In 1969, a bright young 18-year-old named Tommy Hilfiger opened his first store in Elmira, New York, naming it ‘People’s Place’. “It was a dedicated space for people from all walks of life to come and enjoy art, music, fashion and pop culture,” says the fashion legend who last year launched a platform and mentoring programme under the same name during the Black Lives Matter movement. “Our ‘People’s Place Program’ is all about creating opportunities for creative talent from underrepresented BIPOC [Black, Indigenous, people of colour] communities,” says Hilfiger, who is determined to make fashion a more inclusive and diverse industry.
For this fashion line produced under the People’s Place Program, the brand has teamed up with the Brooklyn-born designer Romeo Hunte to create a collection titled Icons, Reconstructed. Here, Hilfiger’s signature ‘All-American’ preppy style is fused with reconstructed silhouettes and a colour palette inspired by New York City's subway.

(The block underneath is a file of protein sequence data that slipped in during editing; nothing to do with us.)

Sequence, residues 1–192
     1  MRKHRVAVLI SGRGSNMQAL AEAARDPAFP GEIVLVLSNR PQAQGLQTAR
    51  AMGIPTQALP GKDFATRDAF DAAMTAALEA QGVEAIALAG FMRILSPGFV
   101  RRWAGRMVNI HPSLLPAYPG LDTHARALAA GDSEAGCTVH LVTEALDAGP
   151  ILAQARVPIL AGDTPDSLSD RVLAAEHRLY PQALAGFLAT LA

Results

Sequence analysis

Growing up, Hunte was a self-described “preppy kid”, who aspired to be an athlete. He played basketball, ran track athletics, and listened to hip-hop legends such as Biggie Smalls – a fusion of American influences that he’s since woven into the work he creates as a fashion designer.
To celebrate the launch of the Tommy Hilfiger X Romeo Hunte Icons, Reconstructed collection, we caught up with Hunte to find out more about the People’s Place Program, having Tommy Hilfiger as a mentor, and how Hunte has left his mark on the heritage brand’s history. Here the Tommy Hilfiger X Romeo Hunte Icons Reconstructed collection is brought to life through imagery shot in London with a full cast and crew of BIPOC creatives.
Head over to the Selfridges Instagram account @theofficialselfridges to watch our interview with Romeo Hunte and Tommy Hilfiger, himself, who will be answering questions from the Selfridges Diversity Board. To find out more about the Selfridges Diversity Board and to discover their goals inspired by Harry Gordon Selfridges’ ethos that ‘everyone is welcome’, click here.